Saturday, March 15, 2008

Hi all,

The last time I posted, I wrote about how I was looking forward to starting to study the relationship between the Pilgrims and Wampanoags in my class.  Now, we have moved forward in history to the founding of the Massachusetts Bay Colony, and are studying every day life in a Puritan colonial town.   This transition has brought up some interesting discussions in my class, as students begin to understand the continuity of history.  Despite having "finished" studying the Pilgrims (in their interpretation), I am trying to have them understand that people were still living in Plymouth, and the community continued, even though our focus is now on Salem and Boston.  One way I have tried to encourage this continuity is to have students create a timeline of colonial history in Massachusetts.  Using a program called Timeliner, which is available in our computer lab, students are creating timelines showing various events.

As we have transitioned into the establishment of the Massachusetts Bay Colony, my class has been able to make several interesting connections.  Suprisingly, one connection is to a field trip we took in October to Salem Pioneer Village, in Salem.  The village is a recreation of the original colony set up in 1630, and in many respects is very similar (though much smaller in scale) to Plimoth Plantation in Plymouth.  The extraordinary thing about this field trip was that the entire day was an interactive experience for the students, with live actors allowing them to participate in various aspects of a "typical" day, including a prayer meeting, daily chores, lessons, and games.  This program was set up especially for our school, with the help of some theater students and actors from Gordon College.  During the visit, students had conversations with village elders, saw artifacts from the time period and_____.  Six months later, my students can recall this information, and it has 

Sunday, March 2, 2008

Making History Relevant for Kids

Hi All-

I am in the midst of beginning my unit on the American Revolution. This is a topic that is often one of the most favorite for my students! They have some background information from their studies of third grade, but I find too that they also come in with many prejudices and misconceptions that I need to fix. Right away we begin with the meaning of the word, "revolution". Without fail, I am told by every class, every year, that the world "revolution" means "war". It makes for a great class conversation when we talk about the true meaning to be, "a sudden, and complete change". The students readily realize other revolutions that they are aware of that were not in fact wars (Artistic, Musical, and even the Industrial Revolution)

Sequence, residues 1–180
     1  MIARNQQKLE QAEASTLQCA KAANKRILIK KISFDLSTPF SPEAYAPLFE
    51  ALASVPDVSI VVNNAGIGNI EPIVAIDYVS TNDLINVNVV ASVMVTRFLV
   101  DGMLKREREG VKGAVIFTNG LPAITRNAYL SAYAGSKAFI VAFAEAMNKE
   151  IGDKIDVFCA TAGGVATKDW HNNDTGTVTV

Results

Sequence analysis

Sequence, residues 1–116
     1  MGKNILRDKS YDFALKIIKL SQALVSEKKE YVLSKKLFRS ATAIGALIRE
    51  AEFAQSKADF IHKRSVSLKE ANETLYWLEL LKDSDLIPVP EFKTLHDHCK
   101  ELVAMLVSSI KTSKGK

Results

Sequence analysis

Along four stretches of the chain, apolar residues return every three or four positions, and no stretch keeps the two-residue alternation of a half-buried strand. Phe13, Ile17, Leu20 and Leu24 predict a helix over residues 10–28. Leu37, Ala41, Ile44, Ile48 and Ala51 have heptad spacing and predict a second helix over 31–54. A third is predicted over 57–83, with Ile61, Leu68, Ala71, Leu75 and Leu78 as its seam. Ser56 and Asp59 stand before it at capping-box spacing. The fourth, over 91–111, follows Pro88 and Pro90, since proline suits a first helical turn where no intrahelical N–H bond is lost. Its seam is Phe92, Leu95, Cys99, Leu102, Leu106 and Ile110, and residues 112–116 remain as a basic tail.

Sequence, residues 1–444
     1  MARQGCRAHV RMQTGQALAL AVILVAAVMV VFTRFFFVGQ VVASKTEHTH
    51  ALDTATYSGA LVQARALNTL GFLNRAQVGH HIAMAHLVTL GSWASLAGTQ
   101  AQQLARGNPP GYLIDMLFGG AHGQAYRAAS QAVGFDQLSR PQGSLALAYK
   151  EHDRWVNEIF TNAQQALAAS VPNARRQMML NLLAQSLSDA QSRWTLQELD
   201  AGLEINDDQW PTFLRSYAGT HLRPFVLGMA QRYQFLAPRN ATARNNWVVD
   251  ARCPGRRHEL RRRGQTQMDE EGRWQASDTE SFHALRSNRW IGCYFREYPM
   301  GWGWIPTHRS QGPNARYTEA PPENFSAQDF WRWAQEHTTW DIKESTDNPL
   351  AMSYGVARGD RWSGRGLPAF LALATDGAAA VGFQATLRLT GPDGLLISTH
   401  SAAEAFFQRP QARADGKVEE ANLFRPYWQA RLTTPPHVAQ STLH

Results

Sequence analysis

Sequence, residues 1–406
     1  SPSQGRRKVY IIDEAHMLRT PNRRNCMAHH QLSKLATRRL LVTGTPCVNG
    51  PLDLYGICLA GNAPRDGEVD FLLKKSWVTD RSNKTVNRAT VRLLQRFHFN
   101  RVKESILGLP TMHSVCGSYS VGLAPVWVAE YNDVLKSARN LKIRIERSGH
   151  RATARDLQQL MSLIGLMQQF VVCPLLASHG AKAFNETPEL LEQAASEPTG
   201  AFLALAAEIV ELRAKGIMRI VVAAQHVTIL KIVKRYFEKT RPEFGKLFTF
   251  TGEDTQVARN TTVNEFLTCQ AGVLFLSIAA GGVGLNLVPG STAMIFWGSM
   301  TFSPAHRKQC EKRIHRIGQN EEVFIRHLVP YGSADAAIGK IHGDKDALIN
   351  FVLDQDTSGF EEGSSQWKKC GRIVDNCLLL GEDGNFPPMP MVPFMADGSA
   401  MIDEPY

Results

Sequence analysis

As adult historians, we recognize the significance of the role of taxation in the American Revolution. One of my favorite activities is to have students do a tax interview at home with an adult. The students need to ask someone to name three different taxes, where the money goes that is collected, and how they feel about the tax. This activity always has fascinating results. (It is frightening to see how many adults are unclear about the taxes that they pay.) Undoubtedly, at least one adult says that "taxation is a necessary evil", which also leads to an excellent conversation. It is also a great extension to encourage kids to read local papers and discover articles or letters to the editor about the topic of taxation. This is a beginning to helping kids understand that these issues that affected colonists long ago, still affect us even today.

It is extremely important to not teach a topic like the American Revolutin with bias. It could be very easy to play up the taxation by the British as completely unfair. I have learned over the years the importance of showing students all points of view on this important debate. I have read that approximately 1/3 of the colonists during the revolution were Patriots, 1/3 were Loyalists, and the other 1/3 tried to remain neutral in the middle. I am fortunate to use a fabulous resource that comes from the Old South Meeting House Education department. The Old South Meeting House was of course the site of the Tea Party Debate in Boston on the night of December 16, 1773. This resource is like a play or a readers' theater, with characters who range from real, famous Bostonians of the day to average Bostonians, both Patriot and Loyalist. No other resource has helped me express to my students the range of feelings during this time, and how both sides had valid points. This experience of being able to act out this debate and listen to each other's points, sticks in the students' minds. Kids will often refer to their classmates' points and how they relate to the different aspects of the revolution we are talking about. I have found that this debate isn't perfect historically (due to "Founding Myths") however it is fabulous resource that could be used well up through 8th grade! Visit